Of course great words are nothing without breath to give them life and lips to speed them to our ears. I’ve been fortunate to see many performances of the ol’ star-crossed pair but there are few I hold in high regard: Albright and Tufts for pure shining affection, Bruner and Hawkins for their electric zeal. Happily, now I can add Oh and Gonzales to the shelf of best Romeo and Juliet’s. They take this pedestal in my esteem for capturing the true sense of innocence, and its loss, that is so difficult to bottle with actors experienced enough. Gonzales positively gambols about, twining herself about her friend and father, gamely posing even as she shys from Dr. Paris, nibbling the nether lip of her poet with the sad eyes. It is so jarring to watch this woman, who snoodled Angelica for news of her beloved, with the moist eyes of a hungry corgi, be winnowed up by despair and be honed sharp as a knifes edge by desperation, plotting her own faked death that will go so horribly awry. Oh, by contrast, is all adorable bumbling, a rocket of passion whizzing about, spouting the most poetical nonsense and blundering into so many double entendres you have to shake your head. And this boy who laughed in the square dodging the kicks of his friends and licks of his mother, who can write the perfect love poem but can’t get around to cleaning his garrett, blows a hole in his perspective in-law. This Romeo and Juliet are just kids, incandescent kids selfless kids. But kids can be brutal when the world comes knocking.

The whole company rides comfortably on the wake of these two each with their little moments of honesty or ridiculousness but some especially noteworthy performances cannot go without mentioning. Anderson swings from first class snits of dismissal to steel-toned orders to rally from despondency, more like Lady M than the “dreaded” Nurse. Bowers too taps the full potential of an often sidelined character. Concealing her feelings from Mercutio, gathering strength to lead the rebels into battle, helping to banish her friend for his own safety, we see Benvolia emerge into a full fledged woman trying to stopper her own feelings for the good of the cause, without success. Our three guides, Probetts, Spitz, and Duray (sounds like a country band, or a western supply store), fully grasp their duties as storytellers, lending melodious neutrality to their words, but are often so moved by the effects that they try to divert the course of their own tale (never with effect), while, when as part of the scene, always uncover an sparkle of humor to their actions, to sweeten the bitterness to come.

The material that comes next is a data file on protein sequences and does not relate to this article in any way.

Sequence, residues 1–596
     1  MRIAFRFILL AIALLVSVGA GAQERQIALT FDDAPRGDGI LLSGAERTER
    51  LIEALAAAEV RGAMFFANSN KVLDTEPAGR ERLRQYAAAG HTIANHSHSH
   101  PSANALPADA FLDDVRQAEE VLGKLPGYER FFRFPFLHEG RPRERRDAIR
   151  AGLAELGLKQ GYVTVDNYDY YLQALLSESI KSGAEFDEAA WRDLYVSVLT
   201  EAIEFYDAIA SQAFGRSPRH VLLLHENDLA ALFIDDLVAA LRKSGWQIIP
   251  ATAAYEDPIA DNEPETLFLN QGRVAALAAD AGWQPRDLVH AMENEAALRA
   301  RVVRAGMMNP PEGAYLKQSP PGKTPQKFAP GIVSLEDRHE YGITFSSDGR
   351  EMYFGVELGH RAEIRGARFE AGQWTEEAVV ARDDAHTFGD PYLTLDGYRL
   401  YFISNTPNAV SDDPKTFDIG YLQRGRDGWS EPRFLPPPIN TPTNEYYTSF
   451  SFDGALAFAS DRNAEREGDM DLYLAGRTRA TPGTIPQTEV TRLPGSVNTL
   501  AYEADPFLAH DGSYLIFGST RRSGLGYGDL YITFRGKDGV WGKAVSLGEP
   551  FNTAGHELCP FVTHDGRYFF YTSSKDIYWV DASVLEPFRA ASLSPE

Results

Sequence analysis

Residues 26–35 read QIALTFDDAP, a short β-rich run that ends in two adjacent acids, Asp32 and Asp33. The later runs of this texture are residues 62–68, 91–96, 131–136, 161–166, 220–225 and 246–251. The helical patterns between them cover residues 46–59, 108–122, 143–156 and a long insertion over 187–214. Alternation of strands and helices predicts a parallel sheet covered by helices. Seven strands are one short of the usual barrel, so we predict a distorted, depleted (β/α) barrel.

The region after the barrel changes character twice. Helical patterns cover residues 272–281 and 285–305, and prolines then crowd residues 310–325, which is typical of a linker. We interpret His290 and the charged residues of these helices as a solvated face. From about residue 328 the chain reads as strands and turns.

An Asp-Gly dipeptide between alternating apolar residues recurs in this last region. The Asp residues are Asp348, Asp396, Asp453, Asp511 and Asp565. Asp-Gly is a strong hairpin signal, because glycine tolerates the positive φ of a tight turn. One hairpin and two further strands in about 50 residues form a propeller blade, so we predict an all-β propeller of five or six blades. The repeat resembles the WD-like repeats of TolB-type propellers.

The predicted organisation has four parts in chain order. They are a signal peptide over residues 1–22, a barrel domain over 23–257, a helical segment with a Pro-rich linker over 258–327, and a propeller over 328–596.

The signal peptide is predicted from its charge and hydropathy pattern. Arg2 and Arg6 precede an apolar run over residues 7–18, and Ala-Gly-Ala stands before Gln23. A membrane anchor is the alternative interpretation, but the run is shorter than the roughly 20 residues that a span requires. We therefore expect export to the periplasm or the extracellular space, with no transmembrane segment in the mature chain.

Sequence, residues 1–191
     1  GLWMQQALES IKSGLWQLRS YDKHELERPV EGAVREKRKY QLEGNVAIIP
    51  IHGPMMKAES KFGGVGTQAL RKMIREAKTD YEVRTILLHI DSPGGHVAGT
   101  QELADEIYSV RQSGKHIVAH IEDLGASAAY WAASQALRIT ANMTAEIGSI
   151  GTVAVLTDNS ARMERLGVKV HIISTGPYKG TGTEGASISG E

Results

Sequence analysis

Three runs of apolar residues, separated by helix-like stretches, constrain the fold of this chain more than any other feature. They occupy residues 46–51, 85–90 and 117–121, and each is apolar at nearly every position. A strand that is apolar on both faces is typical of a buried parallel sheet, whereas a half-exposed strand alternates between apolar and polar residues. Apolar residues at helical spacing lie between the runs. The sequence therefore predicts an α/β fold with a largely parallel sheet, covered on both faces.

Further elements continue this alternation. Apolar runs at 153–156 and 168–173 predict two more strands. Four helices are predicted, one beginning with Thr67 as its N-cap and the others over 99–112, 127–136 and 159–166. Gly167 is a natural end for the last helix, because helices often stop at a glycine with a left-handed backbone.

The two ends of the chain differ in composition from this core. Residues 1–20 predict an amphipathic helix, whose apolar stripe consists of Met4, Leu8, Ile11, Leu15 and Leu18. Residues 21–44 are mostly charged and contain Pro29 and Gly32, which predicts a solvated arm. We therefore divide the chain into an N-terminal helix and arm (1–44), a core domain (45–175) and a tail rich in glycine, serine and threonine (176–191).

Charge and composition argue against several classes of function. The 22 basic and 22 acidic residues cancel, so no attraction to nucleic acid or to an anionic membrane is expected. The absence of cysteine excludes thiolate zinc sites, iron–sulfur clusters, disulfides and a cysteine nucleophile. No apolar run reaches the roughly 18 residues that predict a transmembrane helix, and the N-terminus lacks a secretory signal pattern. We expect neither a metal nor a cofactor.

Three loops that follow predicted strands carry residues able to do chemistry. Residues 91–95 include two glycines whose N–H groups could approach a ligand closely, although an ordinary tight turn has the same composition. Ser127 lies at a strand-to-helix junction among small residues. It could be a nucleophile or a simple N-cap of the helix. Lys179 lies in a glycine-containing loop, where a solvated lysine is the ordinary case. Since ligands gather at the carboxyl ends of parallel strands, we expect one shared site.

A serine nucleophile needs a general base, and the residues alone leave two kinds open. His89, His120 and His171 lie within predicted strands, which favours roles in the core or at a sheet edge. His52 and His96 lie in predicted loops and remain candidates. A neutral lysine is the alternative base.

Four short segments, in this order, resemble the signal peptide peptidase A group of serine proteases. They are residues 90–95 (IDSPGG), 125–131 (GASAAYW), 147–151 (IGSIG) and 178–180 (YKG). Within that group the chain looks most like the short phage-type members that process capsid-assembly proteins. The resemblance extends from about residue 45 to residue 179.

Perhaps Lowey’s greatest gift to us is not a masterful retelling of Romeo and Juliet, or a fully fledged world of latin magical realism, but the knowledge that these stories and worlds are inseparably entangled in our own. Our lovers die unmourned and unnoticed like the tens of thousands of children who have vanished in recent times, and the fantastical phenomena that flit through the story like exotic birds solve no problems but only impound pain and make death that much more surreal. But as the epilog reminds us, that the door to treasured story and the uncertain world opens both ways and that perhaps one day memory and love will sweep away distrust and violence like a wave and leave the world a brighter and cleaner place for it. Till then we can scramble after the illusive, and all pervading wonder of Querido, the words its spins for us, the heartfelt amity that touches us so, and the unbreakable story that left us weeping into this sweet sweet Chabela cake of a story.